On Jan. 6, 2021, Arizona lawmaker Mark Finchem — a practiced peddler of nutso conspiracy theories — stood outside the U.S. Capitol and tweeted his support for the mob seeking to overturn Joe Biden’s victory.
“What happens when the People feel they have been ignored, and Congress refuses to acknowledge rampant fraud,” Finchem wrote, pushing the election lie hatched in the Trump White House.
Returning home, Finchem not only supported the supposed “audit” of Biden’s 2020 win in Arizona but also found a way to make a fast buck off the Maricopa County clown show by selling T-shirts reading “#Proveit.”
So naturally, when it came time to support a candidate to oversee future Arizona elections, Donald Trump went all-in for Finchem, who marinates in QAnon Kool-Aid when he isn’t grifting or hanging out with members of the right-wing Oath Keepers militia.
“A man who is tough and smart and loves our country,” the former president said at his recent rally in the Arizona desert.
It would be funny if it weren’t so scary.
Finchem, a four-term member of the Arizona House, is part of a larger effort by Trump and his acolytes to hijack the country’s election machinery by putting loyalists in charge of the balloting in key states.
In several of the hardest-fought 2020 battlegrounds — Nevada, Georgia, Michigan and Wisconsin, as well as Arizona — Trump disciples are running for secretary of state, a typically obscure office that has gained tremendous import as the country’s cornerstone principle of free and fair elections comes under mounting attack.
Nationwide, there are more than a dozen Republican candidates running who question the legitimacy of Biden’s irrefutable election.
If you think the Trump-driven chaos that followed the last campaign was bad, 2024 could be monumentally worse. It’s the difference between a person being thwarted while attempting to break in and ransack a home and somebody being handed the keys to loot, then torch the house from within.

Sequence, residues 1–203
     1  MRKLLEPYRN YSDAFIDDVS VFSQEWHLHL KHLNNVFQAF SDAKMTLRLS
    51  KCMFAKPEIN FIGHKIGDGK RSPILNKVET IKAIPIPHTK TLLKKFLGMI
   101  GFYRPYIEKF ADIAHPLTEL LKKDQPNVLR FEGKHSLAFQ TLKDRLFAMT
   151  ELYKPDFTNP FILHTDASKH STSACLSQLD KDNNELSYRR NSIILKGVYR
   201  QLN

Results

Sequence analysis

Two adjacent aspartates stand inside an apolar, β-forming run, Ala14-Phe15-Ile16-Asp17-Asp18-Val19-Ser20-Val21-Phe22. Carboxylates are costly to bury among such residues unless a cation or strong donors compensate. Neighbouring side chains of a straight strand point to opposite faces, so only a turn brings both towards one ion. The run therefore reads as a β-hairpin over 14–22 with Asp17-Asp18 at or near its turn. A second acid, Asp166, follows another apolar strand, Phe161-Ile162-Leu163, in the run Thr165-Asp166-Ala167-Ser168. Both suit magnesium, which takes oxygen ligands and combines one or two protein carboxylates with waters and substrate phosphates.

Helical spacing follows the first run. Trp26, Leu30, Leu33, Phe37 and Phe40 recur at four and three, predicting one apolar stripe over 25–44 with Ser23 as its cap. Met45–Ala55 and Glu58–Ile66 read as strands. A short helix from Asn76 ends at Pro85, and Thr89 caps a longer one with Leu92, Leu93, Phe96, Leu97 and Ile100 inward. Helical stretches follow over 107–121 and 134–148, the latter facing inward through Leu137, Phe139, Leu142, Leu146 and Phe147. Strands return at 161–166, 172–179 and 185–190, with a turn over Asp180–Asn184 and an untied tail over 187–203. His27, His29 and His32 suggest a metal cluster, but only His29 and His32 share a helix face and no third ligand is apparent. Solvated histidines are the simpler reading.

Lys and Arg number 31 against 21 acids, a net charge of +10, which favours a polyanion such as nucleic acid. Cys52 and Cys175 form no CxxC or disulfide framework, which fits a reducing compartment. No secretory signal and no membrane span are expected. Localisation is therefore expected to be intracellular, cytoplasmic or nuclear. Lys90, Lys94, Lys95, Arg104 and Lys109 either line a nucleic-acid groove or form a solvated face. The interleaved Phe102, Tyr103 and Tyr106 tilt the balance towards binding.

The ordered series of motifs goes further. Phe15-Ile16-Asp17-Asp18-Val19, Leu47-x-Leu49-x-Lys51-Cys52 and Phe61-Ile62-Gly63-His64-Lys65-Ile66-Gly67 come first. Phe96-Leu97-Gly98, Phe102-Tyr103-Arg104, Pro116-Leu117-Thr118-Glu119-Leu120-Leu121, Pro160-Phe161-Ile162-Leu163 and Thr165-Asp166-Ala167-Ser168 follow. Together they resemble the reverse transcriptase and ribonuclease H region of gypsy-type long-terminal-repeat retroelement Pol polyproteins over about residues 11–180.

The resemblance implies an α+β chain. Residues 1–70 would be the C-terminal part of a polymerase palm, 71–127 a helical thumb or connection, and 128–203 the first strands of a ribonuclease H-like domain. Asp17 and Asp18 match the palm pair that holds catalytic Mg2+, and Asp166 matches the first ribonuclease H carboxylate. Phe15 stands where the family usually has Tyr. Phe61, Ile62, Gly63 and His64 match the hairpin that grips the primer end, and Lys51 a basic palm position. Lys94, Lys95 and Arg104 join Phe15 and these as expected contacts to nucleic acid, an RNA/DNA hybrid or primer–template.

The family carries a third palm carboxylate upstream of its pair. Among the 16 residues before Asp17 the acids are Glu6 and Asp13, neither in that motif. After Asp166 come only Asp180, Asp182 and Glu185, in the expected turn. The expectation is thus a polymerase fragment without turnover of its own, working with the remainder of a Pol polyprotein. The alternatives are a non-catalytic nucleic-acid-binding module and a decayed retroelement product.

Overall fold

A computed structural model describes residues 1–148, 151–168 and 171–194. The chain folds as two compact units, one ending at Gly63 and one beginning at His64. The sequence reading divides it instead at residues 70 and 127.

Think of the election system as a triangle consisting of rules, institutions and human beings, said Edward Foley, an elections law expert at Ohio State University. The rules should be as clear as possible. The institutions should be as nonpartisan, or at least bipartisan, as they can be. But ultimately, Foley said, “It is those human beings that populate the institutions that matter.”
The attempted takeover is separate from legislative efforts, fueled by Trump’s blabbering about supposed election fraud, that make it harder to vote. In many ways, it’s even more insidious.
In most states, the secretary of state is responsible for running elections, from the local level to the White House, including how votes are cast and, crucially, how they are counted. That person is usually the official responsible for certifying the final result.
That’s why Trump dialed up Georgia’s secretary of state, Brad Raffensperger, and urged him to “find” — wink — 11,780 votes, or enough to overturn Biden’s narrow victory in the Republican-leaning state. The district attorney in Atlanta is seeking a grand jury inquiry into the actions of Trump and others who sought to intimidate Raffensperger and undermine the election.
By refusing to go along, the incumbent landed himself a Trump-endorsed challenger, Rep. Jody Hice, who was among the 147 GOP lawmakers in the House who refused to certify Biden’s victory on Jan. 6. Hice referred to the insurrection as “our 1776 moment,” soiling both himself and the glory attached to that date in history.
In Nevada, Hice’s political soulmate is Jim Marchant, a former state assemblyman and candidate for secretary of state who has personal cred when it comes to making up election stuff: He unsuccessfully sued after losing a 2020 congressional race, making bogus claims of voter fraud.
Marchant recently told Stephen K. Bannon, the podcaster, former White House strategist and accused swindler whom Trump pardoned, of a “coalition” of Republicans working “behind the scenes to try to fix 2020 like President Trump said.”
Garbled verbiage aside, consider that statement a warning. Given the scant attention paid to secretary of state races, and the typically low voter turnout, Trump’s endorsement could carry considerable weight in Republican primaries. In some states, that could be enough to get elected. Then, the ex-president’s agents could cause all sorts of mayhem: lawsuits, never-ending audits, voting restrictions and partisan meddling, all dressed up as administration and oversight.
Not least, Trump loyalists would also have the opportunity to overturn any election results they don’t like.
In Arizona, the leader of House Democrats, Reginald Bolding, is one of several candidates running against Finchem for secretary of state in an open-seat contest. (GOP lawmakers reduced the powers of the office after Democrat Katie Hobbs pushed back against Trump’s bogus fraud claims. She’s now running for governor.)
In his announcement video, Bolding stated the obvious: “Elected leaders should win on the strength of their ideas, not their ability to game the system.”
The fact that principle is even in question speaks to the fraught times we’re living in.